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20 years of TT

This is how Audi celebrated the TT’s 20th birthday

20 years of TT

“Has it really been 20 years?” is what we’re all asking – even the men behind the car, we suspect. Yes, the Audi TT,  the car that spearheaded Audi’s post-millennium slingshot to superstardom, is now 20 years old.

To mark the occasion, Audi has released a TT 20 Years special edition, and given the whole third-generation TT range a freshen-up.

Audi TT 20 Years

20 years of TT

First, that special edition. The TT 20 Years does what it says on the tin. A total of 999 examples will be built to commemorate two decades of the model being in production.

It features fine Nappa leather in moccasin brown with specific Panuka contrast stitching – a curious callback to interior colour combinations seen on very early cars.

Stainless pipes, and badges on the steering wheel, gear lever and bodywork tell everyone it’s a 20 Years model. Arrow and Nano grey paint finishes are available for either coupe or roadster versions.

The best of the rest

20 years of TT

The rest of the range gets significant upgrades too, with relatively major power increases featuring on what is a minor facelift. The 1.8-litre 180hp TFSI is being replaced with a 197hp 2.0-litre unit, while the existing 230hp 2.0-litre gets boosted to 245hp.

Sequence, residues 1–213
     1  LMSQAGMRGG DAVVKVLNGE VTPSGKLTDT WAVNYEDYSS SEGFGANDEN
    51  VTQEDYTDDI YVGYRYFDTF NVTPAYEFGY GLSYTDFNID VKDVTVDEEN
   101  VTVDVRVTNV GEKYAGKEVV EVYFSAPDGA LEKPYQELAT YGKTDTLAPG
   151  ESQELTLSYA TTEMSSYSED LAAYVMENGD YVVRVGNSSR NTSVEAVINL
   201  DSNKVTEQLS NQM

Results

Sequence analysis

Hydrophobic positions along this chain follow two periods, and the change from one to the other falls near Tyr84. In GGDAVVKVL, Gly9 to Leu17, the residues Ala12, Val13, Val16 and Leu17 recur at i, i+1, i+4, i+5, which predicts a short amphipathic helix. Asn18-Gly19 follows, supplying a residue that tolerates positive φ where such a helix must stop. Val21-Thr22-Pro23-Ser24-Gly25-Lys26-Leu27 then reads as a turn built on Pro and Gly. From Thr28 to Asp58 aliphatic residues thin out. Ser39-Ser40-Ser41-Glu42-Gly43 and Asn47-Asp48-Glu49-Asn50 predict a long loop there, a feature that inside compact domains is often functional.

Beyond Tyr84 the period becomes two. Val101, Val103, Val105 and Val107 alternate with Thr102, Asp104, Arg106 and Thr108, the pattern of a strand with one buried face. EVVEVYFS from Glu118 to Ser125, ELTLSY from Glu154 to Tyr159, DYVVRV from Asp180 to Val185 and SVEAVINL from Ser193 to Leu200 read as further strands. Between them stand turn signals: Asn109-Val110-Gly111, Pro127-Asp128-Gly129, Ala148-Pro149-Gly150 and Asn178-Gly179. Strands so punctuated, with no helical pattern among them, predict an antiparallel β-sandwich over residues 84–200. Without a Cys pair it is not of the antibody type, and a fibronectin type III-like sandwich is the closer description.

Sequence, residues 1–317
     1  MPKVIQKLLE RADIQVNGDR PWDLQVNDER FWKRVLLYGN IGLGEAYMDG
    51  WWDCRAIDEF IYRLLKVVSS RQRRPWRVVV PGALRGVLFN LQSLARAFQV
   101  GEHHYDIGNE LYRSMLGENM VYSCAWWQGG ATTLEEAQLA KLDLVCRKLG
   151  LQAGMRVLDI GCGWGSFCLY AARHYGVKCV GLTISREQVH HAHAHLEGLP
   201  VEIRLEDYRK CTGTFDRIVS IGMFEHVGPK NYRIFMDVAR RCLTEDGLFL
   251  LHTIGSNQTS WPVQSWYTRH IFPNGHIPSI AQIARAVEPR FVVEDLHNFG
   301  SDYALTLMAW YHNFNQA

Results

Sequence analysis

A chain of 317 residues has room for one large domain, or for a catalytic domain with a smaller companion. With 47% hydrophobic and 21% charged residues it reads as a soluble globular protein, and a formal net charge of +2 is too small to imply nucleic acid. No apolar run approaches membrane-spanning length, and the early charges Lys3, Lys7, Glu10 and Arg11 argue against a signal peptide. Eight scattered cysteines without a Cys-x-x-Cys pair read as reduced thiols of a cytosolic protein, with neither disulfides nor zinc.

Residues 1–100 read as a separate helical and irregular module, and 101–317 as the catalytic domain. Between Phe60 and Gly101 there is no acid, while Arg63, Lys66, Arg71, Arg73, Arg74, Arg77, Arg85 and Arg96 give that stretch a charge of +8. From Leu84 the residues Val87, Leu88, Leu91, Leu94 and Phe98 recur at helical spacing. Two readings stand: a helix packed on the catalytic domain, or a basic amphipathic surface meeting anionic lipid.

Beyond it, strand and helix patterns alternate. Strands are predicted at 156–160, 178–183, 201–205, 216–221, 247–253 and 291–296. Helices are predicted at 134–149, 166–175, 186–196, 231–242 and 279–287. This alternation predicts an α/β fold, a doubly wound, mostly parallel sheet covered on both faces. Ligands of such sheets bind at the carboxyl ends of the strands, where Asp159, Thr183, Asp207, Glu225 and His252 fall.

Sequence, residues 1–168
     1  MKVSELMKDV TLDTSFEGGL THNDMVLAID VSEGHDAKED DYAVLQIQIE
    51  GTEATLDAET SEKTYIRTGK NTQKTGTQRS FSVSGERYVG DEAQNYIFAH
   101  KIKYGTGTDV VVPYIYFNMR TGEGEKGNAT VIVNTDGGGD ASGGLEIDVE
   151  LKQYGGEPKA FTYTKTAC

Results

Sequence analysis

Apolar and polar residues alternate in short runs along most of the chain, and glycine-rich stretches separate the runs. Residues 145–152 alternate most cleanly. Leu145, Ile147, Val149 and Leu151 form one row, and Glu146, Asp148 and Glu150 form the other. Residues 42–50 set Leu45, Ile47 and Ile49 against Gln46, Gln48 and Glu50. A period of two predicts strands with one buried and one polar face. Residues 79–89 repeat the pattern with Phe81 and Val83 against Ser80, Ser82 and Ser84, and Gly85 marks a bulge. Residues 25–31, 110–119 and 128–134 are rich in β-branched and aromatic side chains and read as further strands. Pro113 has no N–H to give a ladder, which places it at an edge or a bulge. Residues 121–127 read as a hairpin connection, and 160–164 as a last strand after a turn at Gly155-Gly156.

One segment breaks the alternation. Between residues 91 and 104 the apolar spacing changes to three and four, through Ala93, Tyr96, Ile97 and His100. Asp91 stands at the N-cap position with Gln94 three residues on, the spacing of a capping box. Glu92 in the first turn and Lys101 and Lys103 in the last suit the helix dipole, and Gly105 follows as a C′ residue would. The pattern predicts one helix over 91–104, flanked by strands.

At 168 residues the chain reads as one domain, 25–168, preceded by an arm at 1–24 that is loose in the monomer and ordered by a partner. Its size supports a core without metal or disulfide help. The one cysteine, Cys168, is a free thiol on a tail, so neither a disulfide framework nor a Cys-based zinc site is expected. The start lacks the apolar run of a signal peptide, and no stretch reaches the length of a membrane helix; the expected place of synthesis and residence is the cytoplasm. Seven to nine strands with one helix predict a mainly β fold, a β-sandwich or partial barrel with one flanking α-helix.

Both models are now categorised under the new Audi model structure – ’40 TFSI’ and ’45 TFSI’ respectively.

TTS models lose 4hp, going from 310 to 306, thanks to the addition of new Petrol Particulate Filters (OPF). The performance of facelift models does improve in spite of the power loss, however, with 0-62mph times reducing by 0.1 of a second for both the coupe and roadster – 4.5 and 4.8 seconds respectively.

Sport display for Virtual Cockpit

20 years of TT

Inside, the Audi Virtual Cockpit gets a minor update, with a Sport display giving information on power, torque and G forces.

S Line models and above receive more supportive Super Sports seats, with Black Edition cars getting piano black inlays and a new slate-grey chrome finish for parts of the interior trim.

It’s still a looker

S Line models get a new, more defined, splitter and the OLED rear lights are no longer the preserve of the TT RS. Oddly, for Audi, the lights at the front haven’t changed, although the bumpers have got a bit of a nip-and-tuck, with exaggerated vent elements and a new three-dimensional grille design.

All models benefit from new wheel options because nothing is fresher than new footwear. As with big brother TT RS and R8 V10 Plus, the TTS now comes with a fixed rear wing, courtesy of the TT RS (in place of the active retractable item previously standard).

All in, it’s a pleasing if incremental update for the TT range, with the 20 Years special edition being an appealing nod to the model’s heritage.

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Audi TT Quattro Sport

Driving four modern classics that made Audi great

Audi TT Quattro Sport

Audi made some of Europe’s most glamorous cars in the 1930s, but faltered in the post-war years and merged with Volkswagen in 1964. The models that followed were, in some cases, little more than rebadged VWs, and Audi had a middle-of-the road image, lacking the sporting pedigree of BMW or upmarket kudos of Mercedes-Benz.